Nath. Me hercle, yf their Sonnes be ingenous, they shal
    want no instruction: If their Daughters be capable, I will
    put it to them. But Vir sapis qui pauca loquitur, a soule Femi-
    nine saluteth vs.
    Enter Iaquenetta and the Clowne.
    Iaquenetta God giue you good morrow M. Person.
    Nath. Maister Person, quasi Person? And if one shoulde
    be perst, Which is the one?
    Clo. Marrie M. Scholemaster, he that is liklest to a hoggs-
    Nath. Of persing a Hogshead, a good luster of conceit
    in a turph of Earth, Fier enough for a Flint, Pearle enough
    for a Swine: tis prettie, it is well.
    Iaque. Good M. Parson be so good as read me this letter,
    1255it was geuen me by Costard, and sent me from Don Armatho:
    I beseech you read it.
    Facile precor gellida, quando pecas omnia sub vmbra ru-
    , and so foorth. Ah good olde Mantuan, I may speake
    of thee as the traueiler doth of Venice, vemchie, vencha, que non
    1260te vnde, que non te perreche
    . Olde Mantuan, olde Mantuan,
    Who vnderstandeth thee not, loues thee not, vt re sol la mi fa:
    Vnder pardon sir, What are the contentes? or rather as Hor-
    race sayes in his, What my soule verses.
    Holo. I sir, and very learned.
    1265Nath. Let me heare a staffe, a stauze, a verse, Lege domine.
    If Loue make me forsworne, how shall I sweare to loue?
    Ah neuer fayth could hold, yf not to beautie vowed.
    Though to my selfe forsworne, to thee Ile faythfull proue.
    1270Those thoughts to me were Okes, to thee like Osiers bowed
    Studie his byas leaues, and makes his booke thine eyes.
    Where all those pleasures liue, that Art would comprehend.
    1275If knowledge be the marke, to know thee shall suffise.
    Well learned is that tongue, that well can thee commend.
    All ignorant that soule, that sees thee without wonder.
    Which is to mee some prayse, that I thy partes admire,
    Thy eie Ioues lightning beares, thy voyce his dreadful thũder
    Which not to anger bent, is musique, and sweete fier.
    Celestiall as thou art, Oh pardon loue this wrong,
    That singes heauens prayse, with such an earthly tong.
    Pedan. You finde not the apostraphas, and so misse the
    1285accent. Let me superuise the cangenet.
    Nath. Here are onely numbers ratefied, but for the ele-
    gancie, facilitie, and golden cadence of poesie caret: Ouiddius
    Naso was the man. And why in deed Naso, but for smel-
    ling out the odoriferous flowers of fancie? the ierkes of in-
    1290uention imitarie is nothing: So doth the Hound his maister,
    the Ape his keeper, the tyred Horse his rider: But Damosella
    virgin, Was this directed to you?
    Iaq. I sir from one mounsier Berowne, one of the strange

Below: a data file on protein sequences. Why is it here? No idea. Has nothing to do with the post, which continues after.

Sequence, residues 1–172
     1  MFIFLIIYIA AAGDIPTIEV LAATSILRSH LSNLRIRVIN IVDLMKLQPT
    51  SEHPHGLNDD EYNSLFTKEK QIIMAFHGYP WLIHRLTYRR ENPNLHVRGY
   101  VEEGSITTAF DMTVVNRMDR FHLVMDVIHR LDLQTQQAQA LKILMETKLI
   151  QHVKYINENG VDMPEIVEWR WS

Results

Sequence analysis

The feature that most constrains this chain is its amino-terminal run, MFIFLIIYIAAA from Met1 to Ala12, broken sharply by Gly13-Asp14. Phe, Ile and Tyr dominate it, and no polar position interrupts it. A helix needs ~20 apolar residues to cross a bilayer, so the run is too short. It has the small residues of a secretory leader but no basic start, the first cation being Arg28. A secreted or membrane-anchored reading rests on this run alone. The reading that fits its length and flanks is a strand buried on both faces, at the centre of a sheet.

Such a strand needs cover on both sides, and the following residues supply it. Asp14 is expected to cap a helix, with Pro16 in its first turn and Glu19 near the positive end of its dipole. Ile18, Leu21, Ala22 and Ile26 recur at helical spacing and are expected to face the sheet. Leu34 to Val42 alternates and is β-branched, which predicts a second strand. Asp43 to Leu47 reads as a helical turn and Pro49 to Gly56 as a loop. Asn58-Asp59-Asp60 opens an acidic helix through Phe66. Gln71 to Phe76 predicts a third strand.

1295Queenes Lordes.
    Nath. I will ouerglaunce the superscript.
    To the snow-white hand of the most bewtious Lady Rosaline.
    I will looke againe on the intellect of the letter, for the no-
    mination of the partie written to the person written vnto.
    Your Ladiships in all desired imployment, Berowne.
    Ped. Sir Holofernes, this Berowne is one of the Votaries
    with the King, and here he hath framed a letter to a sequent
    of the stranger Queenes: which accidentally, or by the way
    1305of progression, hath miscarried. Trip and goe my sweete,
    deliuer this Paper into the royall hand of the King, it may
    concerne much: stay not thy complement, I forgine thy
    dewtie, adue.
    Mayd. Good Costard go with me: sir God saue your life.
    Cost. Haue with thee my girle.
    Holo. Sir you haue done this in the feare of God verie reli-
    giously: and as a certaine Father saith
    Ped. Sir tell not mee of the Father, I do feare colourable
    1315coloures. But to returne to the Verses, Did they please you
    sir Nathaniel?
    Nath. Marueilous well for the pen.
    Peda. I do dine to day at the fathers of a certaine pupill of
    mine, where if (before repast) it shall please you to gratifie
    1320the table with a Grace, I will on my priuiledge I haue with
    the parentes of the foresaid childe or pupill, vndertake your
    bien venuto, where I will proue those Verses to be very vn-
    learned, neither sauouring of Poetrie, wit, nor inuention.
    I beseech your societie.
    Nath. And thanke you to: for societie (saith the text)
    is the happines of life.
    Peda. And certes the text most infallibly concludes it.
    Sir I do inuite you too, you shall not say me nay: pauca verba.
    Away, the gentles are at their game, and we will to our re-